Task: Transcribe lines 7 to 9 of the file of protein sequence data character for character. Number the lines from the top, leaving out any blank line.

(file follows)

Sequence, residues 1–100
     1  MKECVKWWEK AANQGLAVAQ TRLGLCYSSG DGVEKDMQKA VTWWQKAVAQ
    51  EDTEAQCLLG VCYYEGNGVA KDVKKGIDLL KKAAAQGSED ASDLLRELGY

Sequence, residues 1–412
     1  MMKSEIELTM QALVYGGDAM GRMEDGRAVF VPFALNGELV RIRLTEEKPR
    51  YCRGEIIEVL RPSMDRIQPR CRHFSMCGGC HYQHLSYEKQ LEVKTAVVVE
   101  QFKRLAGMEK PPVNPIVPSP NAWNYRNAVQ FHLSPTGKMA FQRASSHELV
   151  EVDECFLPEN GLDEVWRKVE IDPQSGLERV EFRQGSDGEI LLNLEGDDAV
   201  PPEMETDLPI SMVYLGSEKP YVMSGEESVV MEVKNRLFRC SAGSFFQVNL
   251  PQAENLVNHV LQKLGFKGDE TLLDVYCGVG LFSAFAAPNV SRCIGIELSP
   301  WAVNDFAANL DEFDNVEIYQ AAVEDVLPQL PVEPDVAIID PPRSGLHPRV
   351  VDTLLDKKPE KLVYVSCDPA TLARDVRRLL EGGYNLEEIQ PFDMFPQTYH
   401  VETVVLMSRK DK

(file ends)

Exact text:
   101  QFKRLAGMEK PPVNPIVPSP NAWNYRNAVQ FHLSPTGKMA FQRASSHELV
   151  EVDECFLPEN GLDEVWRKVE IDPQSGLERV EFRQGSDGEI LLNLEGDDAV
   201  PPEMETDLPI SMVYLGSEKP YVMSGEESVV MEVKNRLFRC SAGSFFQVNL